mar grammar and primary schools will not
open until October 2nd. Examina Examinations
tions Examinations on high school subjects review reviewed
ed reviewed during the summer will be given
Friday morning at nine o'clock at the
high school. Students applying for
such examinations will please commu communicate
nicate communicate 'with the principal before to tomorrow
morrow tomorrow noon.
LIVES LOST WHEN LAUNCH
FOULED ITS TOW LINE
Norfolk, Sept. 13. The bodies of
F. T. Ayers and a man believed to be
W. W. Forrest were recovered last
night in the cabin of an overturned
launch within an hour after the launch
fouled its tow line in the Elizabeth
river here. A third man, Alexander
Turner, engineer of the launch, is be believed
lieved believed to have been lost.
PRIZE GIVING AT MIAMI
PICTURE SHOWS IS OFP
Miami, Sept. 13. The practice of
giving automobiles and pianos and
other prizes of large value at local
theaters has been discontinued thru
efforts mdae by the Miami Advertis Advertising
ing Advertising Club, which declared such lotter lotteries
ies lotteries to be low grade advertising and
inimical to the best interests of the
city. The committee of the advertis advertising
ing advertising club handling the matter had been
instructed to prosecute the theaters
unless the practice was discontinued.
Fellowship, Sept. 12. We are still
having warm weather and rain. Some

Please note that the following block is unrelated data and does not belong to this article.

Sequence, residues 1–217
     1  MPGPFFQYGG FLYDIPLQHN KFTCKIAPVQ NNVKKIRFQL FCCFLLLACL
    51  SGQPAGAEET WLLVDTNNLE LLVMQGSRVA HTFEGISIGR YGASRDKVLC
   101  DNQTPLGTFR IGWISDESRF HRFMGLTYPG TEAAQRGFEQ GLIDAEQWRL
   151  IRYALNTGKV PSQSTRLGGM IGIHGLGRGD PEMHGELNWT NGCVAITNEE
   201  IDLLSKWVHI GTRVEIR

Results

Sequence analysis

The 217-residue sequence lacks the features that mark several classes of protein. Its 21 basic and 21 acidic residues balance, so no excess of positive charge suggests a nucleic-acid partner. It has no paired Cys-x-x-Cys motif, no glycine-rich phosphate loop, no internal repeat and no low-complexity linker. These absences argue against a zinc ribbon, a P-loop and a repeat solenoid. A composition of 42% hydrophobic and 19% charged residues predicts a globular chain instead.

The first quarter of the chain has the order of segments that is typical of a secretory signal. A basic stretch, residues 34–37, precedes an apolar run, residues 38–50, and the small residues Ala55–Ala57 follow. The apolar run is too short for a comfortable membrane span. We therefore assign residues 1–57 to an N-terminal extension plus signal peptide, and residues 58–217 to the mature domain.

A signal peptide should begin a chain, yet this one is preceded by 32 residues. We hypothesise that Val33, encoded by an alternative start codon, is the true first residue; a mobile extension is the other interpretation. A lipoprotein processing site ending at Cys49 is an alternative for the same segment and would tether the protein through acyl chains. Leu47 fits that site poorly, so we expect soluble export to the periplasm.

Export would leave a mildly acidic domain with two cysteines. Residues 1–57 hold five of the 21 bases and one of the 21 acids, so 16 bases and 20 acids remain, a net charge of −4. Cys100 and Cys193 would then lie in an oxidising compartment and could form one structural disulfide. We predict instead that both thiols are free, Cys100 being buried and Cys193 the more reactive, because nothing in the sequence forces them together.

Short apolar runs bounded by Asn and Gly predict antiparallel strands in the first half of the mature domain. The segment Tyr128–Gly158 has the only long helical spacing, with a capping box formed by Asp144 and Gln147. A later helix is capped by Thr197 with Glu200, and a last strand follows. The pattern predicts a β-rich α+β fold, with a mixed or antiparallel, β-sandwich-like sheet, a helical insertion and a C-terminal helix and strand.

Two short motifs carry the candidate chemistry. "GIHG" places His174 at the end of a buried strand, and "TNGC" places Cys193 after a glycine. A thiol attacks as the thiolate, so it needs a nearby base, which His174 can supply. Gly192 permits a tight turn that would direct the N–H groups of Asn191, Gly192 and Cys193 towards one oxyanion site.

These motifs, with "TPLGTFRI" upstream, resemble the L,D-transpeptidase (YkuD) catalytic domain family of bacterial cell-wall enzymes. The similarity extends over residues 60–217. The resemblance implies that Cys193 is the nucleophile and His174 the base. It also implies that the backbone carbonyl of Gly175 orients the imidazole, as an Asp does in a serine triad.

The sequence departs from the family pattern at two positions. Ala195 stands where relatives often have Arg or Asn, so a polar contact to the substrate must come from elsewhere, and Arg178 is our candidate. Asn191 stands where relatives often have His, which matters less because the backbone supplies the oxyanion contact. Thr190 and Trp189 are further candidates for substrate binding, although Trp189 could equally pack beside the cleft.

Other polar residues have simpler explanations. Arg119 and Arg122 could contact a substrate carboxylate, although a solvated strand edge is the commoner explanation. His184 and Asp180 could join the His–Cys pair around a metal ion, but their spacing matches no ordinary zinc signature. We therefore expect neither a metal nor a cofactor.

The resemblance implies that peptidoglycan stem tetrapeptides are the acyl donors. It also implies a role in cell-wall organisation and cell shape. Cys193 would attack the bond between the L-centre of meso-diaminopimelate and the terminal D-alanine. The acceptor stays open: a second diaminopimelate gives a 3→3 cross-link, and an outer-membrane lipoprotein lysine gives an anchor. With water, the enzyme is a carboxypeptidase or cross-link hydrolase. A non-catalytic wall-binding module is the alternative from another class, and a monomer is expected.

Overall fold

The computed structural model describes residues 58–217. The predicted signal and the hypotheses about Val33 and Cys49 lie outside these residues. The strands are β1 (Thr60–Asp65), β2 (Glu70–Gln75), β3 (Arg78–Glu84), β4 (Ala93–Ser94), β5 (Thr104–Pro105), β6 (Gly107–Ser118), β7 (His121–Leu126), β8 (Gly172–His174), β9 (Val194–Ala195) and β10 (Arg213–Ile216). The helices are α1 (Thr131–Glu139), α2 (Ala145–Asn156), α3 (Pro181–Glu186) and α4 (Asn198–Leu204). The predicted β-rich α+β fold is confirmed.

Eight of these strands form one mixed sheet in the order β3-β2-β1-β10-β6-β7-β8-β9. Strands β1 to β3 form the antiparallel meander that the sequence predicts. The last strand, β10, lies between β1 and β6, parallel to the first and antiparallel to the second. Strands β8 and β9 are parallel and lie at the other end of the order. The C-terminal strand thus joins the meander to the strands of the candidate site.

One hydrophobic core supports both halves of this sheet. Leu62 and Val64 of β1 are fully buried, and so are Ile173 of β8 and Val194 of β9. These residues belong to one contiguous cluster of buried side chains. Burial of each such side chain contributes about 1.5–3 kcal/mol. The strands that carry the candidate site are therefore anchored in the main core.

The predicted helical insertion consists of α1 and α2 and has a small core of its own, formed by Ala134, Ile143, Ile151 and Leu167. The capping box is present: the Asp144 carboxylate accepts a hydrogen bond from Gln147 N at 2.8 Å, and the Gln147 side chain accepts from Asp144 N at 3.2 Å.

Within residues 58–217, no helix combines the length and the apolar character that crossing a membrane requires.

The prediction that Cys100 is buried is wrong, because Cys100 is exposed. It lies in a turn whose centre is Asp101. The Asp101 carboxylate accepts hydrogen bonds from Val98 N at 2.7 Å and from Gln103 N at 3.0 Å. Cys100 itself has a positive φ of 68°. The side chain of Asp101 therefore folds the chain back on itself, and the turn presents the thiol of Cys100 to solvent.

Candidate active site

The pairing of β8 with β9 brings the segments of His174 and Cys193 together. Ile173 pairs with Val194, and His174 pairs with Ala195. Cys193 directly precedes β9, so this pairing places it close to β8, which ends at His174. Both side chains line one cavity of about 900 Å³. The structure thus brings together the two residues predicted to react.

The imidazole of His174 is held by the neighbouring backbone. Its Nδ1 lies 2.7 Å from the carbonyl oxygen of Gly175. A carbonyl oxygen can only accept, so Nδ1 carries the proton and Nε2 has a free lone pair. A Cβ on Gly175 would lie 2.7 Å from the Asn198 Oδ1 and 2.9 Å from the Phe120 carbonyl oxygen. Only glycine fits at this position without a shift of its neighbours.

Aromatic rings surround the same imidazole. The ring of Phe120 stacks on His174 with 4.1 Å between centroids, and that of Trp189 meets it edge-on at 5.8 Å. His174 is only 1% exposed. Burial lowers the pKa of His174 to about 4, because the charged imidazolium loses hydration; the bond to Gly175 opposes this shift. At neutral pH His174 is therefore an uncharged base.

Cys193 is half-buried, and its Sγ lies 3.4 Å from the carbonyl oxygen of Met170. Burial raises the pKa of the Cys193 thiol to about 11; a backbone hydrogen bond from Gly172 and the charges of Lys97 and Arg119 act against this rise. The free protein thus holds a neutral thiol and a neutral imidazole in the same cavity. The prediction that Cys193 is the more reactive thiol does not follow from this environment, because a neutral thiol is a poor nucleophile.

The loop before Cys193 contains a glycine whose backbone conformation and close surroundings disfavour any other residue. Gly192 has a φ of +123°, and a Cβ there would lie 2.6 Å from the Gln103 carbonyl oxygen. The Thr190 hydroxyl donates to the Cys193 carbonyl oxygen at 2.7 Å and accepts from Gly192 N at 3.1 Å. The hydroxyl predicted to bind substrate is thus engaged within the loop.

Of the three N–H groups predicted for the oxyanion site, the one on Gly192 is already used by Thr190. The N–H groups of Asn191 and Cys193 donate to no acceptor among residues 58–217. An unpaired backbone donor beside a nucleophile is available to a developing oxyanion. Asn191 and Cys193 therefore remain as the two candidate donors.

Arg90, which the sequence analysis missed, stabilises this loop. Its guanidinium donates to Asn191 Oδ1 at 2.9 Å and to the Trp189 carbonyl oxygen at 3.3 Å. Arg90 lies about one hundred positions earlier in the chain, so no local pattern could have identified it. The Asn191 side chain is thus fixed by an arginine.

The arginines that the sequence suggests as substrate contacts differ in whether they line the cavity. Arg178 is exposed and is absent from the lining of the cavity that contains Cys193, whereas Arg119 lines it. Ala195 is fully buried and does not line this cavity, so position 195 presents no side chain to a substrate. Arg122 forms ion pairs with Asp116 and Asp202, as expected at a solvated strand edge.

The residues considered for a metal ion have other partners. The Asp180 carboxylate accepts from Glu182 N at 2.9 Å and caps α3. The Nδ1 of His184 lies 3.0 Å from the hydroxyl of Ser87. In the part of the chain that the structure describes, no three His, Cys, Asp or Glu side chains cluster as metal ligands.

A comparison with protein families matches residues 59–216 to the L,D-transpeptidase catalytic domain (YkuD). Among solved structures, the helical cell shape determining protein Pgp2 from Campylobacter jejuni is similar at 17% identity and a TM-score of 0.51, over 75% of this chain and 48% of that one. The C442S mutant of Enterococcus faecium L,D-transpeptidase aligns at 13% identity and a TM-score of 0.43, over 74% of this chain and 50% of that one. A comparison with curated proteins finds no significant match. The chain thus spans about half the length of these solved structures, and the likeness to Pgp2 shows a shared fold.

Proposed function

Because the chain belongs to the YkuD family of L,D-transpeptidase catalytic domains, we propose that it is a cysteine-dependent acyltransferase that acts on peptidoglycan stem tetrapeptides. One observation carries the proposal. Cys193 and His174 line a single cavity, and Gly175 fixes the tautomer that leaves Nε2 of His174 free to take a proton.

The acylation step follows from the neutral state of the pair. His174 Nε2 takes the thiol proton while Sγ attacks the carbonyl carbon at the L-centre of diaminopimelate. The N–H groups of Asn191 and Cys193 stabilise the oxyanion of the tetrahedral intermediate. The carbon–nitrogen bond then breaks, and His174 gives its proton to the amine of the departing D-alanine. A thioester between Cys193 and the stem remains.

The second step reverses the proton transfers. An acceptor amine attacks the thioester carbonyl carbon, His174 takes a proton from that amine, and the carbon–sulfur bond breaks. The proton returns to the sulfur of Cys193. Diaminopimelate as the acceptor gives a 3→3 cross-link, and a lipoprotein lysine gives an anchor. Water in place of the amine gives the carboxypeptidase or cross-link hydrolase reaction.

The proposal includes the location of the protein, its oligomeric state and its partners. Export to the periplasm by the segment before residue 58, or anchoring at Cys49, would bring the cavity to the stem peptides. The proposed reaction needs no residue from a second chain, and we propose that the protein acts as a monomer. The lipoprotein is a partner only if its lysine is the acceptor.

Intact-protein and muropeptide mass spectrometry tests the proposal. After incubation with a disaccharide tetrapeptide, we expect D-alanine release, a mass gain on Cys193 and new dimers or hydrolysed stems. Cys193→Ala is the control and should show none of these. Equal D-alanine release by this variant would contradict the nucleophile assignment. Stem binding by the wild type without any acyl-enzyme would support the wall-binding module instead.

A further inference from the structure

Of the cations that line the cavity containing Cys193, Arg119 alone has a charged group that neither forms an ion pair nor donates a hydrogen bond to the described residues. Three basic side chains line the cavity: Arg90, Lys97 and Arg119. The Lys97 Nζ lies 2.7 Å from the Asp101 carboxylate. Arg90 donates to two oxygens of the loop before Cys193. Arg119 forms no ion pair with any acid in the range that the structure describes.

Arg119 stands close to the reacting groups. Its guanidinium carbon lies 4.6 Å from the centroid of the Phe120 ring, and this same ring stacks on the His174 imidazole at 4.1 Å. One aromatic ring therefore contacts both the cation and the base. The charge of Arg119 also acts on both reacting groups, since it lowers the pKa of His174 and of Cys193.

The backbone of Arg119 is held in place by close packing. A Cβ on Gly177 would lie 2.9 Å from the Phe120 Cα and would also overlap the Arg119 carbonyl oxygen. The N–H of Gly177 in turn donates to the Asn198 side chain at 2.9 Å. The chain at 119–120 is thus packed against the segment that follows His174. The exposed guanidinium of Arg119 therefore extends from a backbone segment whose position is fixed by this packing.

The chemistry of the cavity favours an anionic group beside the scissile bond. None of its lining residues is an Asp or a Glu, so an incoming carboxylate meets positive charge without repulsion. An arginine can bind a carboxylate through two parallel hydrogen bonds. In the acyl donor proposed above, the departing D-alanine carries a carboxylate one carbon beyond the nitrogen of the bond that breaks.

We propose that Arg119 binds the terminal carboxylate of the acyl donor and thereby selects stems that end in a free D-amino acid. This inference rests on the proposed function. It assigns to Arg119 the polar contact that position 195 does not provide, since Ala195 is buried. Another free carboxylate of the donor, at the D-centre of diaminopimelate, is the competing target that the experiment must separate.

ox the farmers have planted their fall
galdens and the season is simply fine
for sed to germinate.
I note every year Congress spends
hundreds of thousands of dollars for
sed for free distribution, which is the
biggest fake I ever heard of. They
have been sending me these free seed
for the past ten years and I have
planted them repeatedly, and not 10
per cent of them will germinate.
Mrs. S. B. Brooks is the guest of
Mr. and Mrs. Henry Gatrell of Fair Fairfield.
field. Fairfield. Miss Winifred McCully is the guest
of her sister, Mrs. N. H. Lanier of
Mr. and Mrs. Z. A. Crumpton of
Pedro is the guest of Mrs. E. A.
There was an error in the Fellow Fellowship
ship Fellowship items relative to the registration
books. It should have read the books
will be open at the residence of S. J.
McCully every Tuesday and Saturday
instead of just Tuesday.
P.ev. E. A. Burnette will fill his reg regular
ular regular appointment next Sunday at 3
o'clock and we hope to have a full
i house to greet him.